- - Wednesday, December 12, 2018

ANALYSIS/OPINION:

The death stare gave it away.

As President and Mrs. Trump greeted the Obamas and Clintons at the funeral of former President George H.W. Bush, Hillary Clinton nodded coldly to the first lady and then glared straight ahead rather than acknowledge Mr. Trump. Two things became immediately evident: 1) she’s still in bitter denial about losing to him; and 2) she’s back.

Mrs. Clinton, two-time presidential loser, is playing coy about running again, even as it’s obvious she’s hoping the third time will be the charm.

Shortly before the midterm elections, Mrs. Clinton was asked in an interview about her intentions. “No, no ” she insisted. She then added, “Well, I’d like to be president.”

There it is, in all of its elitism: She still wants to be president, of course. She just doesn’t want to have to go through the marathon pantomime again to get there. No more phony performances. No more kissing babies. No more greeting the factory swing shift in the middle of the night. No more pretending to enjoy corn dogs at the state fair. No more pretending to like normal Americans. No more selling her marriage as anything but a transactional relationship. She’s done with all that.



And who can blame her? The woman has been faking it for nearly 50 years.

Like most career politicians, Mrs. Clinton has long been driven by heady ambition and a ravenous desire for power. Now into her 70s, she also wants to avenge her staggering loss to Mr. Trump. Not only is she touting herself as the obvious choice — most experienced, most prolific fundraiser, the biggest name in the possible 2020 Democratic presidential crowd — she clearly believes that she was robbed by the vulgarian currently sitting in the Oval Office and she’s owed another run at him.

Recall that she used the same justification — that she was denied what was rightfully hers by Mr. Obama in 2008 — to convince Democrats to nominate her again in 2016.

But there is now something else propelling her, a deeply psychological motivation that constitutes the latest chapter in the Clinton psychodrama.

She has to run again. In fact, she has to keep running until she wins in order to justify her whole identity.

From the moment she met Bill Clinton in 1971, she sacrificed her own plans and desires to hitch her wagon to the charismatic guy she believed would go all the way. That man did, in fact, make it to the presidency, but not without repeatedly humiliating her. For 40 years, she has stood by him through the alleged rapes, sexual assaults, consensual affairs, lies, legal bills, impeachment, political fallout and reputational damage.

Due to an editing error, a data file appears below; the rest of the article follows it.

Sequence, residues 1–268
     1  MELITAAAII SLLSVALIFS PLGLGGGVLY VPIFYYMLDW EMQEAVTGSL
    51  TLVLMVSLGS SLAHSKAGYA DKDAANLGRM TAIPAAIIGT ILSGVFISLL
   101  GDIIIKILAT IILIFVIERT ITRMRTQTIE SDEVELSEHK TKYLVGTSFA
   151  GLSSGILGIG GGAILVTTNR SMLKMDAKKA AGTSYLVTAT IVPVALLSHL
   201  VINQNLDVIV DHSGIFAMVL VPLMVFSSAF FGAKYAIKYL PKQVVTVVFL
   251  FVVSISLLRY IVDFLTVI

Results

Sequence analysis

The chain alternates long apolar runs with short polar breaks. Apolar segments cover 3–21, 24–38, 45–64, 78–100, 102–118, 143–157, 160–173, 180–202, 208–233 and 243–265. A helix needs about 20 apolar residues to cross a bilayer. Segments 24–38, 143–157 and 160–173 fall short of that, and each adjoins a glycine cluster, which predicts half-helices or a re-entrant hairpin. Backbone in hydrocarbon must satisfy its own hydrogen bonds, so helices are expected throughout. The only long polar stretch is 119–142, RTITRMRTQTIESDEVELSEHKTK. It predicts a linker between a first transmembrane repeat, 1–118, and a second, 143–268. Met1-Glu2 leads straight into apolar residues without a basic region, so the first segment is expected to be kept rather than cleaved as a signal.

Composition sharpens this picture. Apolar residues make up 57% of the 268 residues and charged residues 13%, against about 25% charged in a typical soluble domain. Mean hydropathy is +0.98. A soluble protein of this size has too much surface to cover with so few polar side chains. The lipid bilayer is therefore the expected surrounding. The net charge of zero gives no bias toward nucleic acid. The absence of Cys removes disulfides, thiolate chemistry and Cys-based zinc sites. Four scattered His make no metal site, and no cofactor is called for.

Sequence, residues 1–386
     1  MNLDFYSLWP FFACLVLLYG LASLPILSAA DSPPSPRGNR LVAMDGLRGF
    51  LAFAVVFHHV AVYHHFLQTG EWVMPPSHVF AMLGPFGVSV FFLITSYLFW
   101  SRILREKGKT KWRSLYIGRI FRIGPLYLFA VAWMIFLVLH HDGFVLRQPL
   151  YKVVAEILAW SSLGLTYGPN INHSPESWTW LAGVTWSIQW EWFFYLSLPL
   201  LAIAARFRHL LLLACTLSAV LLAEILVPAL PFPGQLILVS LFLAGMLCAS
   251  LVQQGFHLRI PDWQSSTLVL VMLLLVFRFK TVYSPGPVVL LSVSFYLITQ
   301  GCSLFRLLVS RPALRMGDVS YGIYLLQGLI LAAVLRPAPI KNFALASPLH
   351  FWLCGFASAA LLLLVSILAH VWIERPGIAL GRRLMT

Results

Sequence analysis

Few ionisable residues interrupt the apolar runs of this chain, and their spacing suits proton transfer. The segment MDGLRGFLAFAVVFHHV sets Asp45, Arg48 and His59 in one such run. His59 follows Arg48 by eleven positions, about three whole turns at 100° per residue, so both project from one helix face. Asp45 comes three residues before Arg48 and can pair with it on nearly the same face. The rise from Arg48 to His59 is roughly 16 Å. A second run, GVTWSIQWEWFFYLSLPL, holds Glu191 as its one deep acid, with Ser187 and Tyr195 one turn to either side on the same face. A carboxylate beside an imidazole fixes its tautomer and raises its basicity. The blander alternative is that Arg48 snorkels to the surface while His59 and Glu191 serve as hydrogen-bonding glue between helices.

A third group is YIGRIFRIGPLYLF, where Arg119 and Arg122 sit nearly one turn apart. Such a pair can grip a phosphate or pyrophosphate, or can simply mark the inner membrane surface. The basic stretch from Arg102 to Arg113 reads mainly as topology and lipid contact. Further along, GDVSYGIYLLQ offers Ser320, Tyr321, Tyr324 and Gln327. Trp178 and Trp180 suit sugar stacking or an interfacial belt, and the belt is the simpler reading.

Mr. Clinton was a walking scandal, and Mrs. Clinton put up with it for one reason: She thought he was her ticket to the presidency. First him, then her. That was the deal.

There was just one problem: Her. She was always a fatally flawed presidential candidate, unable to pull it off even with her husband’s help. She’s now lost twice, to two men who had better reads on the American people at each given moment.

But she will not be denied the presidency, because if she never achieves it, she will be forced to face some hard questions: Who is she? How has she spent her entire adult life?

She considers herself a feminist. Did she sacrifice everything for a man — in vain? Could she have achieved her ultimate goal on her own, without him? Was her life a waste of time, one big mistake? Was it all for nothing?

It does appear that she’ll need a good therapist on hand because it’s highly unlikely that she will ever appear on another ballot, never mind serve as president. Her time has passed, and no one wants the country to be used as a stage for the resolution of her psychological issues.

Besides, influential folks on the left don’t seem thrilled at the prospect of a third Hillary candidacy. The idea of indulging her obnoxious sense of entitlement, painful incompetence, rampant corruption, history of smearing her husband’s accusers, robotic style and repellant unlikability makes many of them want to scream. They know that nominating her again would doubtless complete a losing trifecta.

In a party that is now dominated by an ascendant far-left, Mrs. Clinton looks like a relic and worse, a dud. The stench of defeat trails her. Her globalist elitism is out of step with much of the country and her inability to connect on a basic human level will never change.

She cannot seem to accept that the life choices she made were hers alone and that she isn’t owed anything as a result of them, least of all the presidency.

Instead of making another embarrassing run, Mrs. Clinton should hole up in her Chappaqua mansion with a glass of her beloved chardonnay. Uncomfortable but necessary self-examination awaits.

• Monica Crowley is a columnist for The Washington Times.

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